The Meaning of Life

There is the dream of an alternate aesthetic, of a world in which aestheticized experience worked only on things that were ordinary, local, small, repetitive, and recalcitrant, on things that really did happen to most of us in the everyday. This would imply a challenge to drama as we know it. Would it be too much to ask for books in which there is no conflict and no disaster but mere daily occurrences, strung together by the calm being who notices them; television shows on which people sit around silently noticing one another, watch sunsets, type, chat, cook meals without teaching the viewer how, and go about their business in the dull but reassuring knowledge that nothing is going to be very different than the day before? Could there be repetition in a state of grace? Could there be “aesthetic” representation, for those for whom the worldly anaesthetic had worn off, while the systematic ideologies seemed too inhuman and restrictive? Could people live a life in the garden, in our world with its many technologies?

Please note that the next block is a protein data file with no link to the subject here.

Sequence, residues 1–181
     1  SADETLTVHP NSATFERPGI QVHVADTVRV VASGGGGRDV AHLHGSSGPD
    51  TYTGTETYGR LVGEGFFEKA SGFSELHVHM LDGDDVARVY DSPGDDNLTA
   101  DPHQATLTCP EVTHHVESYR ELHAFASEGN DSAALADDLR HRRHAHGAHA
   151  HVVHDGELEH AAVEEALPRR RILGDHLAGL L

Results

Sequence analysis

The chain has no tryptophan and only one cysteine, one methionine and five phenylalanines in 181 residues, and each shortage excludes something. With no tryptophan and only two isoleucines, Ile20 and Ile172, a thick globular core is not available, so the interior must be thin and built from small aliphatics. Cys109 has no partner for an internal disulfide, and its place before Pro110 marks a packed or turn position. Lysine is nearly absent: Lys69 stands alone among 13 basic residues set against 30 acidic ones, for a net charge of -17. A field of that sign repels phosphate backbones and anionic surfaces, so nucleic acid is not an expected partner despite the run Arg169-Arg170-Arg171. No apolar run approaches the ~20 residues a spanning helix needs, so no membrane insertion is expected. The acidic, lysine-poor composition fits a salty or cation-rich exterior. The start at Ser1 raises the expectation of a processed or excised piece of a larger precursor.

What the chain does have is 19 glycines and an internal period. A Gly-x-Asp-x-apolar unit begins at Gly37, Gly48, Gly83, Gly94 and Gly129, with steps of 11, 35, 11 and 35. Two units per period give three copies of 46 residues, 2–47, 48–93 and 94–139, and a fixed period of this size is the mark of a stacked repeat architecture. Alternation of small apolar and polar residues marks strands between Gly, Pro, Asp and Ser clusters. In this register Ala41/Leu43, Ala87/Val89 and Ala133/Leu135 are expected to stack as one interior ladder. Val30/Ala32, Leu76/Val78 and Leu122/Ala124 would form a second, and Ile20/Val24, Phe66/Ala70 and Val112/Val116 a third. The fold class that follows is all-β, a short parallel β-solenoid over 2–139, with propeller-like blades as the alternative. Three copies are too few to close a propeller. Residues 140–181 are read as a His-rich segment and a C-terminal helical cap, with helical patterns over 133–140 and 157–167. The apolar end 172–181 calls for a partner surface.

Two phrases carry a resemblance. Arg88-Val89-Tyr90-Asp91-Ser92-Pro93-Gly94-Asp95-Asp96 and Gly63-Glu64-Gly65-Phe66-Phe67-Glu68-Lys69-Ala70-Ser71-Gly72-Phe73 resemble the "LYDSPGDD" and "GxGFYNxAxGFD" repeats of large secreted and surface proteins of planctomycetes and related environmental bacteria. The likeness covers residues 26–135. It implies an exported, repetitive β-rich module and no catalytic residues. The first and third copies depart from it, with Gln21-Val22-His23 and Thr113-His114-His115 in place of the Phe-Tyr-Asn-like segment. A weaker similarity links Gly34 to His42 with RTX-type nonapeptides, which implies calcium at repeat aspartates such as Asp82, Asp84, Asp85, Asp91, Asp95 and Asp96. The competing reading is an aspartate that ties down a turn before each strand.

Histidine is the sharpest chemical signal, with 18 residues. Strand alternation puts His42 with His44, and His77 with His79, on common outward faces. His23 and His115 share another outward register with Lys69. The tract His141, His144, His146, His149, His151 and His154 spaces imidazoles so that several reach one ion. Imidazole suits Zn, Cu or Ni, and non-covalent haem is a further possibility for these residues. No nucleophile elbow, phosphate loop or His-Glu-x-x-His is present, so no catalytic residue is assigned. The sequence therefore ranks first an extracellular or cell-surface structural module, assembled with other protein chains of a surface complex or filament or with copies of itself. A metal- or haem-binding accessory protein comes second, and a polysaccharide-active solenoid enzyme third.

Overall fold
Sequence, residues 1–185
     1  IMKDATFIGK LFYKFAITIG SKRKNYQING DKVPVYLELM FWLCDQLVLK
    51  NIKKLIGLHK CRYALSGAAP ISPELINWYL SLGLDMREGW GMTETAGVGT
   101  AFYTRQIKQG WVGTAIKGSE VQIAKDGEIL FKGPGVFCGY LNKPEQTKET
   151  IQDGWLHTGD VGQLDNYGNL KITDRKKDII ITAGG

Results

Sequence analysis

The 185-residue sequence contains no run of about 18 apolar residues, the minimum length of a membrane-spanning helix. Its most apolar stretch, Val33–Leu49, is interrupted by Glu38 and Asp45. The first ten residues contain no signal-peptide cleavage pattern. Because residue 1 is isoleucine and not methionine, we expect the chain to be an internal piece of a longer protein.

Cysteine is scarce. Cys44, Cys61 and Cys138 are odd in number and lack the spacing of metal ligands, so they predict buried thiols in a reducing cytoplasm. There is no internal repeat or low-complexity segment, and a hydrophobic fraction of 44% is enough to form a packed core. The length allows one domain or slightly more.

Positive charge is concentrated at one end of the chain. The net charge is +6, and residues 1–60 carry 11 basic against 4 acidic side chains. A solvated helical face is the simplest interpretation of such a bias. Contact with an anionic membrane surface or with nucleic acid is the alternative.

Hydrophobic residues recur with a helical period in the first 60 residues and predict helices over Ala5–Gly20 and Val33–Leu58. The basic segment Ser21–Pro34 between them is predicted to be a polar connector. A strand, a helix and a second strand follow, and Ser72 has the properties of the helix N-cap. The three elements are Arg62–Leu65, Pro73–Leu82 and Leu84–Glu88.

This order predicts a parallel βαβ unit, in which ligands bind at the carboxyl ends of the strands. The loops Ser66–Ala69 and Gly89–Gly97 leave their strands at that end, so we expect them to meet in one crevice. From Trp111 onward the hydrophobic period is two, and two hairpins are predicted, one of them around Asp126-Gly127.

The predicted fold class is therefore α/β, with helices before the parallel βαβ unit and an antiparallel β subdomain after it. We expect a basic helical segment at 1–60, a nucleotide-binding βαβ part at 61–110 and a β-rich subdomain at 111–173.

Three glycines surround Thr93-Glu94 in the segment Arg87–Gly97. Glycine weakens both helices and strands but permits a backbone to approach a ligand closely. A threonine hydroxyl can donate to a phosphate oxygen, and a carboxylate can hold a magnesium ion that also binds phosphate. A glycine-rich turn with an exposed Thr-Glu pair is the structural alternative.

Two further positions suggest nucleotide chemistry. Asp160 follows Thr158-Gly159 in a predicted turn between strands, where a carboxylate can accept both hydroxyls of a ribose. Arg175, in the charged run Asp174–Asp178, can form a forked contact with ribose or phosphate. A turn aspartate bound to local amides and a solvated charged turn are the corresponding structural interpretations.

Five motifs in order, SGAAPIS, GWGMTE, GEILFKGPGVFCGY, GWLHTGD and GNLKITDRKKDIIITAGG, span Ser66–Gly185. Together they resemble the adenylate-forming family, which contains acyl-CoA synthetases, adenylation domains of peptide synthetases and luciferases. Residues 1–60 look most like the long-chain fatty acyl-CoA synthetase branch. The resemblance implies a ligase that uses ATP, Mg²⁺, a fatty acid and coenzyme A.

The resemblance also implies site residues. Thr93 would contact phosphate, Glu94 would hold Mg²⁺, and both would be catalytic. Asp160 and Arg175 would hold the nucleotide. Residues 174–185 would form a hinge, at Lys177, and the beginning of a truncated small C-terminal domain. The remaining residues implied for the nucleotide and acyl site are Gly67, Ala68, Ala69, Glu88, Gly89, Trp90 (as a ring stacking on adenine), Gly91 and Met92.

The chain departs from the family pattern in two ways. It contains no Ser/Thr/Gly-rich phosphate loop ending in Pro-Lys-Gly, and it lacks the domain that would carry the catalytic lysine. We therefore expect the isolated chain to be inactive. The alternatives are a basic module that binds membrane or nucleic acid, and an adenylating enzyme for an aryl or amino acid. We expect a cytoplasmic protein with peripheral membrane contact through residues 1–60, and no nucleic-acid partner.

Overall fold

What would remain would not be drama, or “experience,” but life. Perhaps there is a way back to life, in people’s tentative steps in the interstices of this world, if they cannot live on its grid. Circling life from the cluttered outside, one asks its meaning again and again. How to get back to it: by aestheticizing everything, as before, to explode the questing aesthetic? By anaesthetic efforts, as imagined in this essay, to cut down experiences to neutral occurrences incapable of being made over as drama? Meaning starts to seem a perverse thing to ask for, when what we are really asking is what life is when it is not already made over in forms of quest or deferral. Could this life be reached — unmediated? Would there be anything there when we found it?

— From n+1, Anaesthetic Ideology, The Meaning of Life, by Mark Greif